The US Air Force (USAF) has retired the first of several Boeing E-3 Sentry airborne warning and control system aircraft the service plans to decommission in the near future.

E-3 tail number 75-0560 landed at the USAF “Boneyard” at Davis-Monthan AFB, Arizona on 6 April. It is the first of 13 E-3s the service now plans to retire this year.

E-3 retirement take off

Source: US Air Force

E-3 tail number 75-0560 was transferred from Tinker AFB in Oklahoma to the Davis-Monthan AFB, where it will be decommissioned 

Under the fiscal year 2023 US military budget, Congress authorised the USAF to retire some of the Boeing jets, which are commonly known as AWACS. The approval was contingent upon the service issuing a procurement contract for a replacement to the ageing E-3.

“While some may see the divestment as the end of an era, the retirement of this aircraft marks the beginning of modernisation,” says Colonel Kevin Coyle, commander of the 552nd Air Control Wing, which operated the recently retired E-3 airframe.

The move comes a little more than a month after the USAF announced an official deal for the Sentry’s replacement: the Boeing E-7 Wedgetail.

In February, the USAF and Boeing signed a $1.2 billion agreement for the first of 26 of the airborne early warning jets. The E-7 is based on Boeing’s 737-700 commercial passenger aircraft.

“The Boeing E-7A is the only platform capable of meeting the requirements for the defence department’s tactical battle management, command and control and air moving target indicator capabilities,” the USAF says.

E-3 retirement signing

Source: US Air Force

Air and ground crew on the retiring E-3 signed the fuselage, an air force tradition for aircraft being decommissioned

AWACS house powerful radar and communications systems, used to identify enemy aircraft and track the location of friendly assets over a much greater area than individual fighters. Air battle managers aboard the E-3 can then relay that information and direct combat actions of fighters, bombers and tankers.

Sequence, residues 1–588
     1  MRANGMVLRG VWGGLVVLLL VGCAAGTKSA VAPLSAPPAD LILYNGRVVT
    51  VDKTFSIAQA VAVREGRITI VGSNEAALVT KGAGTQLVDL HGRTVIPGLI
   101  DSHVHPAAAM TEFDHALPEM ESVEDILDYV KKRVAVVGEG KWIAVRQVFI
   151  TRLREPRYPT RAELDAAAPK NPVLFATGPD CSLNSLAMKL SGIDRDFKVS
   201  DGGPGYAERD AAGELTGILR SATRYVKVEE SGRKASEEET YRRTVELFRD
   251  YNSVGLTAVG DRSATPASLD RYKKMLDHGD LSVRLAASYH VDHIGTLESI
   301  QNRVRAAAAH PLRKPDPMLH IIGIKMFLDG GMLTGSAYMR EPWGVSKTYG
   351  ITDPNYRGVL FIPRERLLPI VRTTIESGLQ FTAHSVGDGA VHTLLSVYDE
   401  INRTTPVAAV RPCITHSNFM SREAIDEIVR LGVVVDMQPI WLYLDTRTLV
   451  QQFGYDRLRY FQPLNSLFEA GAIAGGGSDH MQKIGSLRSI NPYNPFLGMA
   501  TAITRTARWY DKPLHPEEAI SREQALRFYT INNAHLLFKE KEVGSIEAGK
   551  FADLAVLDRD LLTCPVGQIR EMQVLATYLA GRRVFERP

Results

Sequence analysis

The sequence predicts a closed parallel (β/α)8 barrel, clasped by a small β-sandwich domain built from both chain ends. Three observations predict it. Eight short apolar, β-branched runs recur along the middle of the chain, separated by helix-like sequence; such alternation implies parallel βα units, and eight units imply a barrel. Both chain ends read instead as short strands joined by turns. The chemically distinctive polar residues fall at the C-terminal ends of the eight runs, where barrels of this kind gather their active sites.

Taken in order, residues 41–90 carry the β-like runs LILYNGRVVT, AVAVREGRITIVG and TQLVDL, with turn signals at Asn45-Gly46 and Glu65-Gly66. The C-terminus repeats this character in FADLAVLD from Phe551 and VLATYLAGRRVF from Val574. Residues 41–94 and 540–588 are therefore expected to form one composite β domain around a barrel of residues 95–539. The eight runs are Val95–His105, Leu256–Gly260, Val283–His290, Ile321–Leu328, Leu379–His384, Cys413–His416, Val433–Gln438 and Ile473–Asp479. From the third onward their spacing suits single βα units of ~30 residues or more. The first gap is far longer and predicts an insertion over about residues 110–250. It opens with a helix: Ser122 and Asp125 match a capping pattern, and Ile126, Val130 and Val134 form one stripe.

The service says retiring some E-3s will allow its operational units to “focus on prioritising the health of the remaining fleet”.

“Divesting part of the fleet will improve sustainability by adding high demand, low availability parts back into the supply chain, providing a temporary improvement for aircraft availability,” the USAF says.

Coyle notes the E-7 acquisition will also improve cohesion between the USAF and allies in the UK Royal Air Force and Royal Australian Air Force, both of which operate the type.

Boeing will begin production on the USA’s E-7s in 2025, with the first aircraft fielded in 2027. The service anticipates receiving the full 26-jet fleet by 2032.

USAF acquisition chief Andrew Hunter says the service will continue to modernise its Sentry fleet until that time. “Until the E-7A is fielded, we will continue to rely on the E-3 AWACS,” he says.

The E-3 is a derivative of the Boeing 707 passenger jet and has been in service with the USAF since 1977. Before the 6 April retirement, the service operated 31 E-3s.